The daily Nebraskan. ([Lincoln, Neb.) 1901-current, May 25, 1911, Image 1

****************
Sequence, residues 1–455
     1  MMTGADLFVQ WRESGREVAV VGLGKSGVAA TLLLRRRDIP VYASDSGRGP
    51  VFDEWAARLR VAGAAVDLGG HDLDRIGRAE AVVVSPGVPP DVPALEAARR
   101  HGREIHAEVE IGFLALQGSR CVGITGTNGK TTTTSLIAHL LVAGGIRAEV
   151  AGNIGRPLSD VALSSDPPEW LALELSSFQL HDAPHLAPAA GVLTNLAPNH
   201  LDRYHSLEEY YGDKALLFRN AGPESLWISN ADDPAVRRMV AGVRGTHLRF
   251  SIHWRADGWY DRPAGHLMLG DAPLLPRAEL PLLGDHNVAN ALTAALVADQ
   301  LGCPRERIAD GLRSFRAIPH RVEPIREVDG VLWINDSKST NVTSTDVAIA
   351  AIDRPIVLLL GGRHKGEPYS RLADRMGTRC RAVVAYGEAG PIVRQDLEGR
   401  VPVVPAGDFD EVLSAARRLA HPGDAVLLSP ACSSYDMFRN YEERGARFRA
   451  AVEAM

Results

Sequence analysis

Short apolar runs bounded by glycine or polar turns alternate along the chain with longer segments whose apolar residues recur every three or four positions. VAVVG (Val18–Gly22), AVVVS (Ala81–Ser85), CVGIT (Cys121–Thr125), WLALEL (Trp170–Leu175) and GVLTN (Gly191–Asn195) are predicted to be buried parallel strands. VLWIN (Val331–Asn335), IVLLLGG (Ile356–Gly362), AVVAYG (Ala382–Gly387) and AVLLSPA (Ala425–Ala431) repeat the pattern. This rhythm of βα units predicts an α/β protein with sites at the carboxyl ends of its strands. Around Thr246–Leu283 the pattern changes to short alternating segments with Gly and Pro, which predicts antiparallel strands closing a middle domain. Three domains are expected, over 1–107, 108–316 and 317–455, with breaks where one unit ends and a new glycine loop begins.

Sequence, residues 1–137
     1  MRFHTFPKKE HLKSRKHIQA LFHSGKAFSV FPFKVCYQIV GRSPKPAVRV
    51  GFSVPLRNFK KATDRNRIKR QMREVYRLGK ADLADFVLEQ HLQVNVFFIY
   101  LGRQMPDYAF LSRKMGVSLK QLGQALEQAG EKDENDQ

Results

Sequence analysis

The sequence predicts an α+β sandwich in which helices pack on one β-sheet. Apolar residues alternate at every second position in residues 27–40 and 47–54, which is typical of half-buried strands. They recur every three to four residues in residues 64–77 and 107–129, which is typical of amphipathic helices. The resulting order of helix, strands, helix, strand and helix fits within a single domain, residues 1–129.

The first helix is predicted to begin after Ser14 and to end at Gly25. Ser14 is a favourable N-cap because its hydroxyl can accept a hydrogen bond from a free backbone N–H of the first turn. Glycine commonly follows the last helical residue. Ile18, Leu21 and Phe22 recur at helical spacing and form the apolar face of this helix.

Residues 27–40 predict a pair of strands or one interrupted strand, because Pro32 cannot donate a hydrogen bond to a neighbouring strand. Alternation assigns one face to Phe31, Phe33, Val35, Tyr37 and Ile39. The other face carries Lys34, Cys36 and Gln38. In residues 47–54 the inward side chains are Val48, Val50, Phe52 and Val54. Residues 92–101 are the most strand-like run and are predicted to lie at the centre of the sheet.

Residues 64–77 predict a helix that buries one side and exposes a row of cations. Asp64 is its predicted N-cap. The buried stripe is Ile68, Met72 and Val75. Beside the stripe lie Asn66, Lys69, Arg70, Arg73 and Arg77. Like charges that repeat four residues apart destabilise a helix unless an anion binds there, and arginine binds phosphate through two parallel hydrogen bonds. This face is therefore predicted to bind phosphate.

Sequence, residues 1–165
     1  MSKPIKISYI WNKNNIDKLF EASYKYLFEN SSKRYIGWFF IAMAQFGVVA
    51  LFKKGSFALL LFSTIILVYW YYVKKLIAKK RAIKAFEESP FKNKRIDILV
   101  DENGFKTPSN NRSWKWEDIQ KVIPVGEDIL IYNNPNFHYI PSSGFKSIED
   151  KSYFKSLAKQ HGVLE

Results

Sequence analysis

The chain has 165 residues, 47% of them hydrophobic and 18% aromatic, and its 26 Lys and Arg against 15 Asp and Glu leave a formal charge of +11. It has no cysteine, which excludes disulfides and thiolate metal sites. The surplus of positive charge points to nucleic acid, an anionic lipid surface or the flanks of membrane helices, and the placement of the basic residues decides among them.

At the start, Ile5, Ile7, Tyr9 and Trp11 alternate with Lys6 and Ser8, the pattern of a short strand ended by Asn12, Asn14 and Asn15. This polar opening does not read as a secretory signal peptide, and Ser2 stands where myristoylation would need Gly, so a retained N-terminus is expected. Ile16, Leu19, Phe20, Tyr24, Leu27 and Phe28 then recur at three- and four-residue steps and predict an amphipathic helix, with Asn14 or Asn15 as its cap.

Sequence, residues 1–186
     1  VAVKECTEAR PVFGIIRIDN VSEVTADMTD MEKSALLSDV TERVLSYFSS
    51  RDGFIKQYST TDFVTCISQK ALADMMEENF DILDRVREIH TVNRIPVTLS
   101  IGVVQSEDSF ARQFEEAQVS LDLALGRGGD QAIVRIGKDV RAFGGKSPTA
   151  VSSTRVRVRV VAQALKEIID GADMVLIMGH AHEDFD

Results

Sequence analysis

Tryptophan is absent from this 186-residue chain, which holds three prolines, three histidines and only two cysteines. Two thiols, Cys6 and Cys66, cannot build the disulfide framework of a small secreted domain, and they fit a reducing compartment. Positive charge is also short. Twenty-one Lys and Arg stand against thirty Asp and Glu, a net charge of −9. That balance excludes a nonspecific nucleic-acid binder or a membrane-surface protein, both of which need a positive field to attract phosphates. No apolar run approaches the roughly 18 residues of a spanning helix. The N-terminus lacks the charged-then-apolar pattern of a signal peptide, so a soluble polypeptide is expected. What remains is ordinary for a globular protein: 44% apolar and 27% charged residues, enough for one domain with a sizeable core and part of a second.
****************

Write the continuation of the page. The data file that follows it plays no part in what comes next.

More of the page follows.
V ENGINEERING NUMBER (' tf ftbe 2)ailv Bebrashan ! ,' "r Vol. X. No. 149 UNIVERSiTV OF NEBRASKA, LINCOLN, THURSDAY, MAY 25, 1911. Price 5 Cents. N RESUME OF WORK IN ENGINEERING COLLEGE YEAR HA8 BEEN MARKED MANY ACTIVITIES. BY HEW BUILDING GREATLY HELPS Engineers Achieve Honor in Many Lines Blue Print to Be Out This Week. With the presidents of two classes, membership on most of the important boards in tho college, a colonel, a major, and four captains In the mili tary department, and numerous other honors, the' college of engineering feels that its year's, work 1ms been very successful la general activities as well as in tho class room. A Few Events. No Booner had tho university start ed than the Engineering society, un der the able direction of Arthur Dob son, began a systematic campaign and the result was evident Over ninety new men signed up as associate mem bers. Speakers of note were unusu ally willing to offer their services to the college and many were benefited by" the new ideas and methods out lined in the various fields of tho pro fessions. But the engineers did not stop their activities, their pursuit of knowledge not interfering with the giving of one of the finest dances of the year, held at the Lincoln. This dance was as truly limited as any that has ever been given and advertised as such. Social Activities Marked. No longer is tho engineer easily cHstingulBhedfrjo,m.jJe.Xgg,t of his col lege brethren. - He is now seen In the library, where he talks to the comely maiden with the ease born of long practice. This ho does, of course, only when the librarians are not looking in his direction. He is seen at practically every dance that is given and wears tho dress suit with an aristocratic uncon cern. He is seen In class affairs of a so cial nature, generally being there in greater numbers than any of tho other college men. ' This leaves no room for a doubt that the engineer may not be ablo to absorb a little of the polish and so cial . finesse which more or less is tho mark of the college men and women in general. Building Dedicated. The most Important event of the year to the college was the dedica tion of the new Mechanical Engineer ing Laboratories on January 18. For over eighteen years Dean Richards has striven to build up a department with a suitable housing and course of Instruction. This ho has admirably succeeded in doing by designing tho new laboratories and guiding them through to completion. Degrees of Doctor' of Engineering were conferred upon three prominent engineers in the three great profes sions, civil, electrical, and mechan ical engineering, Dr. J.A. L. Wad dell represented the. first named' vo cation. Dr. Waddell is probably one of the greatest bridge engineers in the world. .His works and experience are of great repute in every country. DsX B. J, Arnold, electrical 'engineer of wide acquaintance, represented his particular line of work. Dr. Arnold's old home is at Ashland in this state. Dr. Mortimer E, Cooley, dean of the college of engineering at Michigan, noted mechanical engineer nnd cor poration arbiter, received the third of the dogrees conferred. Dean W. F, M. Gosb of Illinois de livered tho dedication address in tho evening and Chancellor Avery pre sented the "diplomas." Second Semester Activities. The principal activities of the en gineers In . the last semester have been those of politics military science and publication. Presidents Amber son and Pearse represent tho college in class; CnptaiiiB Bennett, Cain, Forman and Galloway do the samo in drill, folonel Krairier. however. Is the high mogul In that department, (next to the Commandant, tho, two giving Dean Richards a parade and review about two weeks ago. This honor Is seldom accorded a member of the faculty. Tho dean said he didn't realize how many engineers Ihere wore In the regiment until the colonel took him along ihe line. Ho also remarked that Bennett should train his com pany more. He suggested that they would be good ballet dancers, had they tho skill which they showed In executing Butts' Manual to music without commands. Blue Print Comes Out. To conclude this year's work, the annual publication of tho Engineer ing Boclety will make its appearance this week. Replete with matters of Interest to Engineers, and general Items for the perusal of all students who take more or less work in the departments. It is expected to bo a good edition and should command a ready sale among tho students. Conclusion. ' "Summing-up- tho -record made .by the college of engineering during the pasj two Bcmeqters, we note an in crease in fellowship, scholarship and attendance. Wo noto tho presence of many leading engineers among those who have visited the .college. We note tho engineer in athletics, poll tics and practically every school ac tivity worthy of consideration. SEAT SALE LARGE ANNOUNCEMENT THAT PLAY 18 INFORMAL INCREA8E8 DE MAND FOR TICKETS. The announcement of the senior play committee of its decision to make both performances informal next Saturday probably greatly stimu lated the demand for tickets. As a result ofithe first day's sale the great er portion of tho house for" tho even TODAY BASE BALL Nebraska Field "Outlaws" vs. Cotner : 33Q P. M. " ADMISSION 25 CENTS ing performance was sold out and the demand for matinee tickets was also strong. If the prosent demand con tinues until Saturday both perform ances will play to packed houses. There being no Bhows scheduled at the Oliver this week, the decorating committee will havo plenty of time to get all the decorations in place. Work along this line will continue tomorrow evening. COLLINS DISBARRED ELIGIBILITY COMMITTEE I8SUE8 STATEMENT THE ATHLETIC BOARD MEETING. At a meeting of tho oligiblllty com mittee held last evening, tho case of Sidney Collins was discussed and tho following statement authorized by tho committeo states its action: "Evidence was presented to show that Mr. ColilnB had received money during tho season of 1907-1908. Mr. Collins admitted this fact. Tho com mittee has taken action disbarring Mr. Collins from the Missouri Valley track meet at Des Moines next Satur day." It was made plain to tho committoo that the money received was not a recompense for services performed, but only a means of enabling Mr. Col lins to remain in school and give his time to athletics instead of earning his expenses In somo other work. Tho eligibility committee consists of Dr. H. K. Wolfe, ProfesBor Skinner and Ben Cherrington. Professor Cald well of tho athletic board was also present. Clyde E. Elliott appeared as chief witness. John Westovor alBO appeared. C. Sherman of tho Lincoln News was present at the request of the chancellor. Mr. Collins was also present. ' The. new athletic board mot for the first tlmo last-nlght. ProfeBSor...GroYO E. Barber was elected president and Owen Frank, vl6o-presldent. The contract for sodding tho ath letic field was lot No other business of importance was done. ATTEND CONVOCATION. Each Class to Be Represented In the Exercises. Every student should try to attend convocation this morning. This Is the All University rally and each class is to bo represented on the program. After the convocation, the three under classes will have class meetings of importance. North Dakota agricultural college has a peculiar custom in connection with its college declamatory contest, which consists In giving away 1,000 loaves of broad to those attending. ? , .itr .. DIFFERENT MEANINGS OF TERM "ENGINEER" PROFE880R 8CIPIO WRITE8 ARTI CLE OF EXPLANATION. MAY BE PUT INTO TWO (LASSES Difference In Education and the Abll- Ity IfGlyes What the True Engineer la. Popularly speaking, the term "en gineer" Ib a very broad one. It la applied promiscuously to tho man who starts and stops the llttlo gasoline engine, to tho man who runs tho holBting engine on a construction Job, to the man who runs tho traction on glno or locomotive, to tho man who doplgna railway bridges and plans -largo public works, manufacturing -plants, etc. The torms lawyer, physician, chem ist and clergyman suggest to .us men who havo a more or Icbs liberal edu cation, togethor with special prepara tion along their choson line of work and the same thing is true of tho en gineer. Ah a profession, engineering ranks high and our entire industrial system is tho primary rosult of Its activities. The class of men popularly known as engineers should bo divided Into two groups, although it would bo rather difficult to draw tho exact lino of demarcation. One group consists of engineers by trade, hence tho proper torm to apply to this group would bo "artisan"; tho other group consists of men who make engineer ing a profession. We may differenti ate moro clearly by saying that an artisan Ts ono .who, hh? acquired a requisite amount of skill along a defi nite and specialized lino of handi craft whereby he can make a living. The engineer is ono who has acquired a liberal education which fits him for (the highest standard of citizenship and gives him the ability to originate and design public works, also to in vent nnd Improve along mechanical lines. Tho activity of tho former is largely manual, while that . of tho later 1b mental. The engineer, through processes of reasoning and calcula tion, determines upon certain lines of procedure; the artisan takes them up where the engineer leaves off arid carries them out. Tho artisan knows "how" to do a thing, hut the en gineer knows "yvhy" ho docs it We will all agree that tho engineer should know both tho "how" and the "why," but it would be unreasonable, to expect him to master all the man-' ual work auxiliary to engineering. Wo would not expect the engineer to do the work of the machinist or the boiler-maker In the shops, nor to take tho place of the engine driver on the road. There would be two good reasons for this: First, he should' be too valuable a man for that" class of work, and, second, men who have specialized in their lines could do it much better and cheaper. It is not unusual, in fact,, it Is quite common, to find the so-called practical man antagonistic to the real engineer who makes use of theory, but let us tako an example which will illustrate the superiority of the. ono over tho other. Suppose v a machine Is to bo devised in the plant to perform cer tain operations; the manually- Continued on Page 4 ,'